We have a health nurse at work who comes out to the Public Works building every 2 weeks for employees to talk to her about any health concerns and to get their blood pressure checked.  It was April 5th,(26wks 2days gestation) a Thursday morning which was unusual since she usually came out on Wednesday afternoons and I happened to catch her just before she left at 9am.  We were chatting about my pregnancy and how things were going and I had her take my blood pressure out of habit(usually the excuse to go talk to her) And it was higher than it had been throughout the beginning of my pregnancy.  It wasn’t extreme so she recommended I have it checked the following week and if it was still high to call my OB Doc and go in to get it checked out.

It was Easter weekend and I was working all weekend at my second job.  I remembered they had a BP machine near the entrance and I kept checking it all weekend before and after work and my BP wasn’t going down to a normal rate.  So I decided to run an errand on Monday at lunch and stop at Walgreens to get my BP checked.  It ended up that I had to have it checked by the pharmacist who just used a small portable cuff machine.  He took it twice and the reading both times was 150/105.  I called my clinic and they asked me to come in at 2pm then called a few minutes later to come in at 1pm.  I ate my lunch at the Tropical Smoothie Café and headed over to the clinic in Lakeville.  At the clinic my BP was a bit more normal and I thought the machine they used at Walgreens was completely broken.  My OB Dr wanted to make sure it wasn’t anything more and sent me to the Fairview Ridges Hospital for some observation.  They hooked me up to a monitor for baby’s heartbeat and to see if I was having any contractions.  They also took my BP every 20 minutes or so.  It didn’t get any higher than the BP they saw at the clinic so after 2 hours of observation the sent me home with a little brown jug and a “hat” for a 24 hr urine collection.  I had to bring my collection to work with me in a cooler on ice since two coworkers decided to call in sick that day!  I left work a little early that Tuesday (27wks) to turn in my urine collection to the clinic in Lakeville.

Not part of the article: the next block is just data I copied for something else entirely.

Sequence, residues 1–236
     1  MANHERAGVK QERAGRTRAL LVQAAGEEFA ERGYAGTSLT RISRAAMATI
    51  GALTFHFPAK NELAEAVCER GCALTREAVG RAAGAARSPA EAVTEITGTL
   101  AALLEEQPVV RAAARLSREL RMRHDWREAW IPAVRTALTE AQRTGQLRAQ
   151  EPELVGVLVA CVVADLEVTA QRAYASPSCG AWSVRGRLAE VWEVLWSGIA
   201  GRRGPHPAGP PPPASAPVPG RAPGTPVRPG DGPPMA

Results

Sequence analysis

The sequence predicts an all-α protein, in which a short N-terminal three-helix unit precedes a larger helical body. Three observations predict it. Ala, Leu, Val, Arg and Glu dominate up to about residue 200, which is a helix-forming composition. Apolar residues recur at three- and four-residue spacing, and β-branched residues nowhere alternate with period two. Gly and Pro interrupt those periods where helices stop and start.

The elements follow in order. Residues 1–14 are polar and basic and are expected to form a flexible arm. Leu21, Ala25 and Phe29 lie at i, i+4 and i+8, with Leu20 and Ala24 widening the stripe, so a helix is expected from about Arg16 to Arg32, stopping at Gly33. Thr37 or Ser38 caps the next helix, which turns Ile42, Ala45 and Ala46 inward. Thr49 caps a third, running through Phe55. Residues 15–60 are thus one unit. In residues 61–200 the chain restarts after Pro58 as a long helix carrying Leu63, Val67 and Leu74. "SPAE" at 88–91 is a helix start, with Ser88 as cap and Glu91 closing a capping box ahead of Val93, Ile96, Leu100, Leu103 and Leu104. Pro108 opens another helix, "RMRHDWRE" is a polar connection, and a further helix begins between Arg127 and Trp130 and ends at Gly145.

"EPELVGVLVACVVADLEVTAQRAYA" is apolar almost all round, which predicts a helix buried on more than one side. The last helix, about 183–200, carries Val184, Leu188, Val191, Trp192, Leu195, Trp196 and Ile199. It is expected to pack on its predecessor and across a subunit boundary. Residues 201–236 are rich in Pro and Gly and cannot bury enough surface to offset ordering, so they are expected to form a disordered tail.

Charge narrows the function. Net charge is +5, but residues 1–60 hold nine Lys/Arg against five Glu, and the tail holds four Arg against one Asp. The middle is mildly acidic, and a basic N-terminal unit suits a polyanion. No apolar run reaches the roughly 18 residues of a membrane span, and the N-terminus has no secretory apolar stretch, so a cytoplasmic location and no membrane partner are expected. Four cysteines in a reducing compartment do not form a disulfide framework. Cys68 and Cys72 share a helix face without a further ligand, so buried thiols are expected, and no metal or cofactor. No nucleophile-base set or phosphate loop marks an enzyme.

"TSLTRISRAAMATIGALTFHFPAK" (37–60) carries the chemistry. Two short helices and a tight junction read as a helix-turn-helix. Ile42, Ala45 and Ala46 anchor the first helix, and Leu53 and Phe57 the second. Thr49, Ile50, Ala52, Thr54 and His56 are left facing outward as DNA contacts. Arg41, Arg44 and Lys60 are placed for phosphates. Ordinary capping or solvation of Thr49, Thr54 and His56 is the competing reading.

Wednesday flew by like normal and it wasn’t until Thursday afternoon around 4pm that I got a call from my OB Doc saying they had gotten the test results back from the urine collection and it was showing protein in the urine which can be a sign of preeclampsia but it could also be there if I had chronic hypertension.  So back to Ridges hospital I went for more observation.  They hooked me up to the monitors again so I could hear baby’s heartbeat, taking my BP every 20-30 minutes.  I let Cory know I was back in the hospital for observation and he came to see me after he got off of work.  They were getting my discharge papers ready when I had two higher BP readings in a row. They called the OB Doc and she decided they wanted to keep me overnight.  It was very uncomfortable in the outpatient room/bed. They made me lie on my left side the entire time, told me they would move me to a real room/bed when a room opened up but they didn’t offer it to me until 3am and by then I didn’t want to move.  Cory had gone home for the night and was planning on going to work the next day(Friday) and I was hoping to go home.